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Sticking it out with the stuckists


Powered by Guardian.co.ukThis article titled “Sticking it out with the stuckists” was written by Jonathan Jones, for theguardian.com on Wednesday 16th January 2013 15.22 UTC

The stuckists have sent me their latest publication, a newspaper with headlines in art nouveau lettering and manifesto declarations that resemble the latest pronouncements from a forgotten wing of the 20th-century avant garde.


And so forth. Reading this back I am not sure how the sentences stitch together. Are they saying Tate is Mad Tracey Emins Attitude Problem?

But wait. Damien Hirst is a Good Painter? !!**?

I’ve got to be honest – I quite enjoyed reading Issue 1 of The Other Muswell Hill Stuckist. It is nicely laid out as a pastiche of futurist publications a century ago. The stuckists have earned their place in art history more convincingly than many of the overrated artists they have been so rude about for so long. Their manifestos may well be remembered, and are already anthologised.

If they weren’t so perverse in their arguments, I would even say stuckism’s time has come. The first stuckist manifesto was written by Billy Childish and Charles Thomson in 1999, two years after the Sensation show at the Royal Academy, when the art of the Hirst generation was hugged into the official culture of Britain. In the 13 years since, “conceptual” art (to use a handy name for what stuckists don’t like) has gone from respectability to ultra-respectability. Tracey Emin has garnered as many establishment honours as a 19th-century portrait painter.

All that time, the stuckists were cocking a snook. And now it seems, the art boom may be in trouble, the chickens coming home to roost. The ICA is about to debate The End of the Art World …? in what sounds a crisis meeting, in a panic about:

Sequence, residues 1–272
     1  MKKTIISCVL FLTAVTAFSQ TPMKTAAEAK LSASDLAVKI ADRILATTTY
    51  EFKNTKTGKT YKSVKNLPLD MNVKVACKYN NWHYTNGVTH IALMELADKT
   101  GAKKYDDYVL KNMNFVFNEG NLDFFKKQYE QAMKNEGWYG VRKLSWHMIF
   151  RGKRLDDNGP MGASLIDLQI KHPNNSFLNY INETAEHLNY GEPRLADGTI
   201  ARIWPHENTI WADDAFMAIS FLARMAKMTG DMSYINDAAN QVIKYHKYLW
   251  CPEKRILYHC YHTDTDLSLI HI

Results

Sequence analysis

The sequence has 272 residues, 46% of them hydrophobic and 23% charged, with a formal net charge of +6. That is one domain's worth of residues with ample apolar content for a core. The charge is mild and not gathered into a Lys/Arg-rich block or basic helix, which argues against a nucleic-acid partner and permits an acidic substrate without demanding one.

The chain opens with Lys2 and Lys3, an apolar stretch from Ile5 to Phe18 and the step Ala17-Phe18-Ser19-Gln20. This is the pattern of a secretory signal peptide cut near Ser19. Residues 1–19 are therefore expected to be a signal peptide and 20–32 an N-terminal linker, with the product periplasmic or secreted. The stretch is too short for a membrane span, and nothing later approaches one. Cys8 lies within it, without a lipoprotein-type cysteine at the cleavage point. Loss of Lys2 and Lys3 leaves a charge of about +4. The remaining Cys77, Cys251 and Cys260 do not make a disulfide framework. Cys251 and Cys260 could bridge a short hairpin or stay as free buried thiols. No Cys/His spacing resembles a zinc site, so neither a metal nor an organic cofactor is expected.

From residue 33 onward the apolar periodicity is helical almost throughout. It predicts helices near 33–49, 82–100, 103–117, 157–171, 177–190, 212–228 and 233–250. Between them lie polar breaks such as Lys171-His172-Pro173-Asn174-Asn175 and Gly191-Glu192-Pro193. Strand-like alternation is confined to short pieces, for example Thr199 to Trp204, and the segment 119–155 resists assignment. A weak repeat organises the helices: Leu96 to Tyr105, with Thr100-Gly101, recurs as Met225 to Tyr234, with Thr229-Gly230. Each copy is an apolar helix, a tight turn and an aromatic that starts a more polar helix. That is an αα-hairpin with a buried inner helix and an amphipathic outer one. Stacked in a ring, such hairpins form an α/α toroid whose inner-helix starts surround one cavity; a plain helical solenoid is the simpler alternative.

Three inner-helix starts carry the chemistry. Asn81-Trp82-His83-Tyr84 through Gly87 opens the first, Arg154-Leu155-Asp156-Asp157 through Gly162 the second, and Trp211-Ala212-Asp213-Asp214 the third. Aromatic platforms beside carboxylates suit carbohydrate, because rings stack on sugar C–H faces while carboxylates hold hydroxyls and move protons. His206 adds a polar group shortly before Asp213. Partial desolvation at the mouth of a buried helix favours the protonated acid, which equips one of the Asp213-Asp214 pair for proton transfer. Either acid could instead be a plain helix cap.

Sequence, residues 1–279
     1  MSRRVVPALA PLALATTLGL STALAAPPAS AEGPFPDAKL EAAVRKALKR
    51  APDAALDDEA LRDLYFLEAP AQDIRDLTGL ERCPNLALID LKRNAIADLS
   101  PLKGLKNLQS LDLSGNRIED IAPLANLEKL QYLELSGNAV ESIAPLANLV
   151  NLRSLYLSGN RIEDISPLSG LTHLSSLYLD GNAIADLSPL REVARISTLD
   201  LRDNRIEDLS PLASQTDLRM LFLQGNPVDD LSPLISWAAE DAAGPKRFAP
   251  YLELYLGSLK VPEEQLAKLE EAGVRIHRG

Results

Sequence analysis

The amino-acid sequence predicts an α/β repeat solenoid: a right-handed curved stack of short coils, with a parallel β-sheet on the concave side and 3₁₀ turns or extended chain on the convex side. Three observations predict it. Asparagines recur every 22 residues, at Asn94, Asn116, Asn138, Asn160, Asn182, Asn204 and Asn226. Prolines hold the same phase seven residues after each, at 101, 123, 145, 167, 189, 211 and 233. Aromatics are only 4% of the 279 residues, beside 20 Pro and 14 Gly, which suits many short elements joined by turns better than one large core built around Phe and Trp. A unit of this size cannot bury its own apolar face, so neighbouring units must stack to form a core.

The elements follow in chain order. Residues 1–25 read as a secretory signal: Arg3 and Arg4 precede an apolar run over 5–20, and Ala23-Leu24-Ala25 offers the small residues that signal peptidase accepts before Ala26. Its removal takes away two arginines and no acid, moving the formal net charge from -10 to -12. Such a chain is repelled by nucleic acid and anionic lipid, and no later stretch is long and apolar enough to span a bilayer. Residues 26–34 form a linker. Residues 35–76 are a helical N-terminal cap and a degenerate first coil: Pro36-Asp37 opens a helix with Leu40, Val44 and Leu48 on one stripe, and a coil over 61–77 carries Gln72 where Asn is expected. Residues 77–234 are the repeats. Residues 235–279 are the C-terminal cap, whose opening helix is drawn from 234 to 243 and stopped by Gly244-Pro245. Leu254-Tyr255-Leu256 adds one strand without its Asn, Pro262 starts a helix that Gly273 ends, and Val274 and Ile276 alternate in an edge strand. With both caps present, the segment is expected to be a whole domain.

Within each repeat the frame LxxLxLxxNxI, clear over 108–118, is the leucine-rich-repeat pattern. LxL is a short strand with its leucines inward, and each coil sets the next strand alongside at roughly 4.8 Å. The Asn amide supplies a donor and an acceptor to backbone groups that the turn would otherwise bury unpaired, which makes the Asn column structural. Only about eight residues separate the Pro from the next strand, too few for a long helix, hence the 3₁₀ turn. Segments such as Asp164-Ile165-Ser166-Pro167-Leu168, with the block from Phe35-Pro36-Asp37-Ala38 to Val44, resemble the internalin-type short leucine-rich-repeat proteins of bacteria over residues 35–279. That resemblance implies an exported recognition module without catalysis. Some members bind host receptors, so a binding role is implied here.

“… the perceived backlash against contemporary art with headlines of record-breaking auction prices contradicting news of artist defections, disillusioned critics, over-production, the collapse of the middle market, and the growing difficulties faced by younger artists and their galleries. All the above have contributed to a climate of widespread suspicion, bolstered by splits between big name galleries and their star artists.”

In other words, gulp, the massively inflated art market, combined with the crumminess of much of what is being sold, may be undermining the myth that we live in an artistic golden age.

A stuckist vindication? But I don’t think they want to be vindicated, and this is their charm. In The Other Muswell Hill Stuckist, Charles Thomson elaborates on his claim that Hirst is a good painter. Yet not only is Hirst a terrible painter, his terribleness exposes the glaring emptiness of his “conceptual” career, by revealing that he was hiding a tiny talent behind huge vitrines all along. This in turn has massive implications for an art world in which Hirst is the biggest star. Is it all a bit of a con, just as people like the stuckists said it was?

Like all good Marxists of the Groucho tendency, the stuckists do not want to belong to any club that will have them for a member. Like true contrarians, they take the opposite line.

It makes them a comic distraction, rather than a serious movement. But as such, they really are a significant part of the British art scene. Still stuckist after all these years.

guardian.co.uk © Guardian News & Media Limited 2010

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